That gas you feel when eating out can be traced to extra fat, sugar and salt.
by Keecha Harris, Dr.PH, R.D., for MSN Health & Fitness
Q: What is it that is added to foods in restaurants and fast food places that bloats your stomach? The bloated feeling is so bad that it seems as if you have inhaled air or gas. What can a person do to avoid getting bloated? Beano and other gas relievers don’t do the job.
A: Extra fat, sugar and salt: All key differences in the preparation of restaurant foods. Restaurants serve foods aimed at appeasing our most primitive sensory triggers, fat and sugar. Add salt and overpowering aroma to that mixture and you get a sensational urge to eat—and clean your plate. Meanwhile, your digestive system is saying “hold the bloat.”
Let’s face it: Chefs cut their teeth on butter. The same steak, potato, broccoli and rolls that you prepare at home can have hundreds more calories when eaten out because the meat is marinated in butter or oil, the broccoli is saturated with butter or cheese sauce, the rolls are baked with loads of fat before you butter them at the table, and the potato is loaded with bacon, sour cream and butter. All of the extra fat makes you feel bloated and your stomach distended. You might also suffer diarrhea as your gall bladder struggles to process all of the extra grease.
An extra 500 to 600 calories per week from dining out can add up to nine unwanted pounds over a year’s time. Plus, all of the sodium can aggravate conditions like hypertension and kidney disease. So stick with the basics to avoid the bloated feeling. Here are a few tips to cut back on fat and calories when eating away from home:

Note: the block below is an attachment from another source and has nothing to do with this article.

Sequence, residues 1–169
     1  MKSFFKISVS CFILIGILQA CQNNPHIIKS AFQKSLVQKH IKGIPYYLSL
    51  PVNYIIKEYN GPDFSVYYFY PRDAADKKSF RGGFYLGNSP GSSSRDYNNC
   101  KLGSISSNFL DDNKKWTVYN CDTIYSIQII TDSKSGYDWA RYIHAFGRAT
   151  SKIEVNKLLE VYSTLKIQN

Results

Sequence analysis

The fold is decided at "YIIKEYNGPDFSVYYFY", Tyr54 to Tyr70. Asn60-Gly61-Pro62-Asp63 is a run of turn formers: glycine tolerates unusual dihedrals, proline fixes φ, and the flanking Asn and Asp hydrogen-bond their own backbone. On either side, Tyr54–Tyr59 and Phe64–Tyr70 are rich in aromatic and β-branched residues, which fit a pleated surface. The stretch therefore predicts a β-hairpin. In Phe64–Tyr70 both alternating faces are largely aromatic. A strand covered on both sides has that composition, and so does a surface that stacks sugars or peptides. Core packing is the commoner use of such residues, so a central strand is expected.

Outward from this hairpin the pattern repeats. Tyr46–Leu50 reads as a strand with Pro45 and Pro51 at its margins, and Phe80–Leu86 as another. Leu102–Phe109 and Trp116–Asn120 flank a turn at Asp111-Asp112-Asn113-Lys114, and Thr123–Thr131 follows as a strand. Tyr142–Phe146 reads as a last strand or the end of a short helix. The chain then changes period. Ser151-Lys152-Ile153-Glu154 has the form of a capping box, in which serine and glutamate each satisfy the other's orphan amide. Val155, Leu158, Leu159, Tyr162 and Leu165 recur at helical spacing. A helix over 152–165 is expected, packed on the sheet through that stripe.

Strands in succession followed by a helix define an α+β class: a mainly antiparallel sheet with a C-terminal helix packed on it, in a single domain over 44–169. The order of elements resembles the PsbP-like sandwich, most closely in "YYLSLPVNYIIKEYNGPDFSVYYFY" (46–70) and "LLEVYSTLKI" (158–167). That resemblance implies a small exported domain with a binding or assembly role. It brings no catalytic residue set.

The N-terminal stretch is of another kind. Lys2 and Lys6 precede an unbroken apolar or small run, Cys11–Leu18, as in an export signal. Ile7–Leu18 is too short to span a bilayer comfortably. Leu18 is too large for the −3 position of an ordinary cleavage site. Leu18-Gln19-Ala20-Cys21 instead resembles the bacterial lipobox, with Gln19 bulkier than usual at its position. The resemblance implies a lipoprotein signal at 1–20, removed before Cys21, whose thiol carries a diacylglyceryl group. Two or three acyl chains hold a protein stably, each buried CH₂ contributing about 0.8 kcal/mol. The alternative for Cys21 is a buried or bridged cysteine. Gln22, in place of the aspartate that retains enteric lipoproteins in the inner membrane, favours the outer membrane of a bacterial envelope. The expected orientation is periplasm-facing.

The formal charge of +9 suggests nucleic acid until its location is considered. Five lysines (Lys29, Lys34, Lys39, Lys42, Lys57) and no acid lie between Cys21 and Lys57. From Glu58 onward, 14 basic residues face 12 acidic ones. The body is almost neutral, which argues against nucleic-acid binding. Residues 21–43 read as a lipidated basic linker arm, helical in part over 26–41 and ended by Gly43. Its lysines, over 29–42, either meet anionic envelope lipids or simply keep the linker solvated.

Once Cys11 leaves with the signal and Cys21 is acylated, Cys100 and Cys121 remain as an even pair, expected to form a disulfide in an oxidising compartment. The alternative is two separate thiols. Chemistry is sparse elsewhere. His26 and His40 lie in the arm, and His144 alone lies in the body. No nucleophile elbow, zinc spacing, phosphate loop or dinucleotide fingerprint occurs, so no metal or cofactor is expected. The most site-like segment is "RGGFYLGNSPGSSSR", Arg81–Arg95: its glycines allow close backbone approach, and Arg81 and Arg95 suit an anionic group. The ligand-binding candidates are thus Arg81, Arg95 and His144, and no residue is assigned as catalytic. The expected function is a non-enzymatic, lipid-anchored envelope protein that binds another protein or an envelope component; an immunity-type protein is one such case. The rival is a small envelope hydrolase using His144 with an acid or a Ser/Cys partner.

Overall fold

Request unbuttered buns and toast.
Let the server know that you want steamed, unbuttered vegetables.
Get crackers instead of rolls.
Opt for salads with fat-free or low-fat dressings instead of ranch and Russian.
Eat smaller portions.
Even if your main course was not the steak special, there are other food triggers that may have caused the discomfort. Carbohydrate sources like beans, cabbage and other greens, onions, garlic and whole grains—plus the fructose found in fruit, honey and soft drinks—also can cause bloating. These foods contain more indigestible carbohydrates than others. They are also rich in fiber, which contains indigestible carbohydrates. The sugar alcohols found in some artificial sweeteners can trigger bloating. What’s more, sodium can cause swelling. Watch how much you drink; fluids occupy more space than solid food.
Finally, you can also walk away from the pain. You’ll find that a long stroll after eating will help, too.